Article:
This is turning out to be interesting, though perhaps for different reasons than I thought. Different pictures pop into my head when I’m sitting in front of the keyboard than when I talk to Jeff. And I’m getting to know a different side of him too.
It would have never occurred to me, for example, that he was “working hard to push back on his family (my words not his).” At the time it felt like, though I know that’s not what happened, he asked me to have breakfast with his parents after our second date. Yes, honey, I do exaggerate, but may I remind our readers that I live over 6,000 miles from my family? Which has made dropping by with mom or dad an experience I haven’t had in over 13 years. Not to mention that my dad passed away 19 years ago and the last time I had a meaningful conversation with my mom was about five years ago. I’ve seen he many times since, but her Alzheimer has taken away a lot.
But back to my topic. For me, moving in is about getting closer. It is about giving up the safety of retreat should togetherness become too much. It is about trading a safe distance for a safe closeness. That thought triggers a stream of questions and prompt answers: Do we have to move in with each other? No! Can we continue to date as we do right now, spending mostly weekends with each other? Of course! Do I have doubts whether Jeff’s the One? You bet! I’ve never met the One. So how would I know? Can I imagine a more suitable husband? Yes, I have a vivid imagination! Can I think of another living, breathing man with who I’d rather try this experiment in cohabitation? Definitively not!
The very fact that we are writing this column instead of just packing our bags and renting a U-haul is pretty telling. We’ve both been hurt and that makes us tread carefully. I remember rushing in the last time, and it not lasting very long. Generating much more hurt than there needed to be. More walls left behind that now need to be negotiated with care so our dreams don’t get tripped up in the rubble.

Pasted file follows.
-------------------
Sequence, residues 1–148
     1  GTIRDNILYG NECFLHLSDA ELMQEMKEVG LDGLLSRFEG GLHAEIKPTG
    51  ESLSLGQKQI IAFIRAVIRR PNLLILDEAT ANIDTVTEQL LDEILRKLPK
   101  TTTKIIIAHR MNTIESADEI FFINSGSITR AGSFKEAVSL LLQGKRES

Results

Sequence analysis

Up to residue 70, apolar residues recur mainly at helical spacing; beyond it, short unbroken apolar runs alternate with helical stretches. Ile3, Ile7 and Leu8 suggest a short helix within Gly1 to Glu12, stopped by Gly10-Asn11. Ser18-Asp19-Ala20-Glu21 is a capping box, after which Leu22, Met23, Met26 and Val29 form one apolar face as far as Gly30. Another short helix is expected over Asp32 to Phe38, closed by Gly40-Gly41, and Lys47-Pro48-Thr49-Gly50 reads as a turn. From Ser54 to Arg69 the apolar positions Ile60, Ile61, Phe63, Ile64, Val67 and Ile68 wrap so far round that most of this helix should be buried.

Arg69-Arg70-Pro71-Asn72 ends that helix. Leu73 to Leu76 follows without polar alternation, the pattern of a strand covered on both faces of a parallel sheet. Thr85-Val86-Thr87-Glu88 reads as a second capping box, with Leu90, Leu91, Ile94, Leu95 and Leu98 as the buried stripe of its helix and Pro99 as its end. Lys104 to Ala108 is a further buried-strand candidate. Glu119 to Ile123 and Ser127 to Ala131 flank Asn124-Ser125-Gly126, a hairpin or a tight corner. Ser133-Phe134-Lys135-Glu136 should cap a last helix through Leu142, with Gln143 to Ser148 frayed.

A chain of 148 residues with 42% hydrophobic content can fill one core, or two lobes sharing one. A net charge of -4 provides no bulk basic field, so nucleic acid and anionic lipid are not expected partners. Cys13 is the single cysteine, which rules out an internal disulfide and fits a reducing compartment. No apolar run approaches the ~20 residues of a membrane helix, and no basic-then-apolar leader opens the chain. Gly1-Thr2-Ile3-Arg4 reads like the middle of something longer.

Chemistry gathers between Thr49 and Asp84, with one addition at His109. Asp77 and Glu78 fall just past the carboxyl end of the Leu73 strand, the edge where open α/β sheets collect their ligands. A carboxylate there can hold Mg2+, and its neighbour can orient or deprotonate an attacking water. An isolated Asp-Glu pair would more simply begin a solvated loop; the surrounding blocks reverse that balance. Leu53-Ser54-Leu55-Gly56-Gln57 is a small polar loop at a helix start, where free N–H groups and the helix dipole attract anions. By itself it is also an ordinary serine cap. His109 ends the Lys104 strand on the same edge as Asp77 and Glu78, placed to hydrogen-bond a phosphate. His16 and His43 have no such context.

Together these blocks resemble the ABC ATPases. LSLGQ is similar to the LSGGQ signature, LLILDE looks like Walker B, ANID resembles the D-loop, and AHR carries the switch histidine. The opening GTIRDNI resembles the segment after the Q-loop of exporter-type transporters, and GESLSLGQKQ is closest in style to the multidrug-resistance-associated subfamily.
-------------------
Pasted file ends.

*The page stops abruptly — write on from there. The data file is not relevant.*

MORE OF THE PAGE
My panic attack came about a week ago, after spending most of three weekends at Jeff’s place. No particular reason why we did. Our social plans had just come out that way. Before that we had spent a number of weekends at my place. When I came home that Sunday, I felt like kneeling down and kissing the floor in relieve. My neat, clean, un-crowded, air-conditioned apartment in a gay neighborhood, far away from suburbia. For a moment I forgot that Jeff and I had long agreed that we would live on this side of Hollywood. For a moment I forgot all our ideas how our place would be different. I only heard the voice in my head: “This space is mine!”
And it is and always will be. That’s one of the key reasons why we had talked about building our space together somewhere else. Start with a new apartment that would be ours. After the panic wore off, I remembered the reason why this place was so neat and clean: Because I’m here by myself. Nobody else is here when I’m not, unless Jeff comes over early when we have plans. I don’t want to be by myself in the long run. Not even in the short run. While Jeff and I have a lot going on in our separate lives, there is the us I want to come back to at the end of the day. To share stories, to laugh, to joke, to play and cuddle together.
If that makes me a sentimental fool, I’ll accept the label happily. We might even figure out the cleaning thing over it.
This series of posts was first published in 2006 and 2007. Jeff and Rolf are now happily living together. For those of you who have missed it the first time around and for everyone who’d like to read it again, here is the full story line in an updated format.